The Nightwanderer and the Raven



Moth is an archer of the Shee. He is known to some as the Nightwanderer. His companion is the raven Morrigan. She has the ability to speak in a guttural language of croaks, squawks and tongue-clicks that only Moth can understand.


Moth and Morrigan have not always been shadowy wanderers. Long ago, before the Great Unweaving, they lived with their people, the Tain Shee, in the city of Eleel off the coast of the Western Sea. Their names then were Arthan and Seelah.
Their father, Lirr, was a shipbuilder and mariner of the Shee. Their mother was Lysse, a weaver. After his children were born, Lirr gave up his seafaring, but he soon grew restless and tired of home life. Eventually he built a new ship and sailed away in it. Neither he nor his his crew of the Shee’s finest mariners were ever seen again.

Arthan and Seelah grew up with their mother. It was from Lysse that Seelah learned the craft of weaving, though she quickly surpassed her mother in skill. As a boy Arthan was wild and reckless. Like his father he was given to long journeys by himself, though he shunned the sea and always turned his steps inland, to explore other places within the Realm itself. He had many adventures during his travels, but his curiosity and impulsiveness got him into trouble often.

It's said that Arthan found paths that brought him into our world, and even more dangerous places. Once he was trapped by a vain and vindictive sorcerer-queen who bound him with a powerful spell and kept him as a servant. He was forced to do her bidding, stealing treasures and trinkets she fancied, and working mischief and mayhem on those she disliked (it is possible that something of this time in Moth’s life has reached our world in garbled fashion, in the stories of mischievous sprites and elves, as in Shakespeare’s A Midsummer Night’s Dream.) Once Arthan finally escaped the queen’s clutches, he forever after had a loathing for sorcery of any kind, and an even stronger desire to remain free and unbound by anyone or anything, even the laws and customs of his own people.

Lysse was troubled by her son’s long absences, fearing he might leave one day and never return, as her husband had. She persuaded Thur, the Shee’s greatest metalsmith, to take Arthan as an apprentice. The boy chafed against the smith’s stern, demanding authority and master and apprentice quarreled often. But Arthan did learn the metalworking trade. Perhaps from a desire to outdo his master, Arthan applied himself to the craft with such diligence that in time the Shee were asking for his handiwork, not Thur’s.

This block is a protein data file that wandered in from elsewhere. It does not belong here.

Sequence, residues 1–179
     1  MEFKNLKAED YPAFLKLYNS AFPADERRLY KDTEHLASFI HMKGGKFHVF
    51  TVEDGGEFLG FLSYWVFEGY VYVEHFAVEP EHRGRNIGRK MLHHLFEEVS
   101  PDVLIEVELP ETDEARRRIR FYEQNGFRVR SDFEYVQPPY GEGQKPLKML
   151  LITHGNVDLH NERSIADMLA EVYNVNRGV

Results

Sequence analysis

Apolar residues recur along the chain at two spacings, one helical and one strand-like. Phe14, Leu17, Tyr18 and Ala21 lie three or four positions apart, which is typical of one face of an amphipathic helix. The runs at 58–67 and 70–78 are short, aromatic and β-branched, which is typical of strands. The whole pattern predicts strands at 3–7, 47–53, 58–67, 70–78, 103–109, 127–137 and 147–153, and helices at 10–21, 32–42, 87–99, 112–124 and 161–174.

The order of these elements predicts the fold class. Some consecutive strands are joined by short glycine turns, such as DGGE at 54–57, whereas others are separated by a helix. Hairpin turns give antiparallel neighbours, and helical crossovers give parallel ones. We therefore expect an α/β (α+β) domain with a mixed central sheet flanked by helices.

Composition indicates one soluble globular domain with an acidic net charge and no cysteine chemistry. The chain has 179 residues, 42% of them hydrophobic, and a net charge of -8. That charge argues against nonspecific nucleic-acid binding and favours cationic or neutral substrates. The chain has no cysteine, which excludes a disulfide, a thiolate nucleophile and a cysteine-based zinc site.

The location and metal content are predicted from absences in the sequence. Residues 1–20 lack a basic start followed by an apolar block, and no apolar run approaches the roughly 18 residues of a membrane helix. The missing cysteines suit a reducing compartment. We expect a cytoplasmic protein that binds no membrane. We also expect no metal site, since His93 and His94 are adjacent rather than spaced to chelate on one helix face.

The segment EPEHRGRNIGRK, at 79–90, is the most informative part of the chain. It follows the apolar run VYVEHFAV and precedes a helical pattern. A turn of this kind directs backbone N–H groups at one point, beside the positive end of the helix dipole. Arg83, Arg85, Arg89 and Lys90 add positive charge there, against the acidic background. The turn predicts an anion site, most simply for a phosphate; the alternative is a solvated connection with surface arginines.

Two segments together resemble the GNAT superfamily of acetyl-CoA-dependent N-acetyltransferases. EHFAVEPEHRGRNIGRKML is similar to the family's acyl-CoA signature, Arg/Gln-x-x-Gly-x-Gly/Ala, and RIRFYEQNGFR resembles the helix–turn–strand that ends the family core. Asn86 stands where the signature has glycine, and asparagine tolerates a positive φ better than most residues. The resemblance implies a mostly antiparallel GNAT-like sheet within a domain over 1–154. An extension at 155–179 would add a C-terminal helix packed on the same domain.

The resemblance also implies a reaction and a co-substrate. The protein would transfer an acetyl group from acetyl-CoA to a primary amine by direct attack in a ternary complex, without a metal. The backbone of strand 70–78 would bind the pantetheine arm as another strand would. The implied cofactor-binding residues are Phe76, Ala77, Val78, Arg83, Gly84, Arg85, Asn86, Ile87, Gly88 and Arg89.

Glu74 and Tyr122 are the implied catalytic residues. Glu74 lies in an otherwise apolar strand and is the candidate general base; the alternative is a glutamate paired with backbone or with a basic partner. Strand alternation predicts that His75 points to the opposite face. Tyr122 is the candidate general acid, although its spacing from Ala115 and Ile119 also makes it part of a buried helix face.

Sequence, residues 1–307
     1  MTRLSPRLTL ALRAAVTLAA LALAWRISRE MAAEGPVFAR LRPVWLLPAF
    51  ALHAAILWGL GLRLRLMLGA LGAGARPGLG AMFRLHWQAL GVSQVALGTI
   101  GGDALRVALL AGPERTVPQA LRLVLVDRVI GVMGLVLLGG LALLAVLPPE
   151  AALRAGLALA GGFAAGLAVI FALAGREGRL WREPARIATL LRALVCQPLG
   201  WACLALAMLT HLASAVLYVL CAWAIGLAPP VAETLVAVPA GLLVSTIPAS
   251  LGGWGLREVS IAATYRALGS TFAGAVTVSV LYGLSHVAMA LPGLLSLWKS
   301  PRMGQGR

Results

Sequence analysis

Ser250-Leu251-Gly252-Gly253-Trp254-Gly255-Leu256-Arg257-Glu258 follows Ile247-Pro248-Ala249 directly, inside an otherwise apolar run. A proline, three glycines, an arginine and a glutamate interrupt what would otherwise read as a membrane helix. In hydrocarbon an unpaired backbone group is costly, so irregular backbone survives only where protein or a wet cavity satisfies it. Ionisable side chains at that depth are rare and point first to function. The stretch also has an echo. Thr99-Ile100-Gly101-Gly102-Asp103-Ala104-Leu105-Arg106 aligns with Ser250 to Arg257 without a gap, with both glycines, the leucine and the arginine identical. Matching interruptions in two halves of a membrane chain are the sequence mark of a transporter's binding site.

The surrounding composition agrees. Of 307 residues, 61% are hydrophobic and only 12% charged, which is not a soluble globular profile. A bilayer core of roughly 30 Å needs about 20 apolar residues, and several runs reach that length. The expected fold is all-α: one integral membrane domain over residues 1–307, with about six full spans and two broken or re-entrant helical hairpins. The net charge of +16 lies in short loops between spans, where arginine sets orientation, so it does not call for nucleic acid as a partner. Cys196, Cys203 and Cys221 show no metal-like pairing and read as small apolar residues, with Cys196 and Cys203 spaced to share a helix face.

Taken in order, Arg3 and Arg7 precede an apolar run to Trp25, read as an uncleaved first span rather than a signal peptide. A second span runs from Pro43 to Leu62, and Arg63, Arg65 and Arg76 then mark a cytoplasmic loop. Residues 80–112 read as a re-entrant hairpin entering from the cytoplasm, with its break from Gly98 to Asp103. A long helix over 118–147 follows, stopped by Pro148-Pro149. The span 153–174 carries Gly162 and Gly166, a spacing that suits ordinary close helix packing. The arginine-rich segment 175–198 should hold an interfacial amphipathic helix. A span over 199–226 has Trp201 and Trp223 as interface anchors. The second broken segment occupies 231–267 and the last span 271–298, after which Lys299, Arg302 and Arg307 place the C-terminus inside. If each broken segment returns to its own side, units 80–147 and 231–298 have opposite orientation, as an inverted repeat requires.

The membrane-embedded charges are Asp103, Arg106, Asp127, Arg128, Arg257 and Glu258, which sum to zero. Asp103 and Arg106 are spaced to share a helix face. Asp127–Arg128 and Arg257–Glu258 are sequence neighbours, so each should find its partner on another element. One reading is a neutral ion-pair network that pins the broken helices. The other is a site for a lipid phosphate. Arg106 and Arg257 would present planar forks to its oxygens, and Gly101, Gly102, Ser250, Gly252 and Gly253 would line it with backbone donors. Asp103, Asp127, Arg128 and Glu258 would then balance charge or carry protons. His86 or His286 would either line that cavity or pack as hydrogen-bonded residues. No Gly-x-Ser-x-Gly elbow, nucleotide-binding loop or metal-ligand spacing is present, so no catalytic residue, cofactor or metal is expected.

For her part, Seelah remained at home with their mother, learning and growing in skill as a weaver. She missed her brother when he left on his long solitary wanderings, and wished to go with him, but the craft she was dedicated to demanded almost all of her time. Her woven cloths and tapestries became widely known and praised among the Shee, and once a young prince of the Shee named Lotan came to her house, to request the cloth for a fine traveling cloak. He visited her every day while she worked on the cloak, and by the time it was ready, Seelah and Lotan had fallen in love. Arthan heard of this and made a rare visit to his mother’s house to meet Lotan. The meeting did not go well. Arthan learned that Lotan dabbled in spellcraft, and he took a dislike to the prince that was quickly reciprocated. Seelah was saddened that her beloved and her brother, both so proud and headstrong, could not overcome their mutual dislike for her sake, and their own.

At that time, rumor came to the lands of the Shee that distant lands were falling under a terrible shadow. Entire worlds of the Realm were fading and disappearing. And then the Steward Oreyn came to Eleel.

The Stewards (or the Innathi, as the Shee called them) visited Eleel from time to time and their visits were always times of great joy and celebration, but on this occasion Oreyn brought grave news. The troubling rumors were true. A dark power known as the Night King had risen and was devouring  storylands, turning all he conquered into a bleak and nightmarish shadow version of the Realm. The Stewards were gathering all of their friends and allies to meet and stop this threat.

The Shee joined the alliance, and Lotan rode to battle, promising Seelah he would return in victory and they would be married. Arthan wished to go, too, but his skills as a smith were needed for the forging of armor and weapons, which the Shee had had little use for until this time.

The war was long, and from time to time messengers would return to Eleel with news of the battles and how the alliance fared. There were many tales of heroic deeds and sacrifice from the war, and Seelah began to weave these stories into a great tapestry.

And what happened then, and how Arthan and Seelah became Moth the Nightwanderer and the raven Morrigan, is told in The Shadow of Malabron.


Illustration by T Wharton

2 comments:

Anonymous said...

This post, and some others, allude to many stories that happen before or during the adventures of Rowen and Will. Are there plans for these stories to be told in a collection or are we left to imagine them for ourselves?

Thomas Wharton said...

Dear Anonymous,
I don't have any plans right now to create a collection of stories about the background of The Perilous Realm trilogy. But "imagining for yourself" is certainly something I encourage readers to do. If anyone who reads this blog has stories of their own based on these characters, I'd love to see them. I'm also planning a post on this topic, so more later...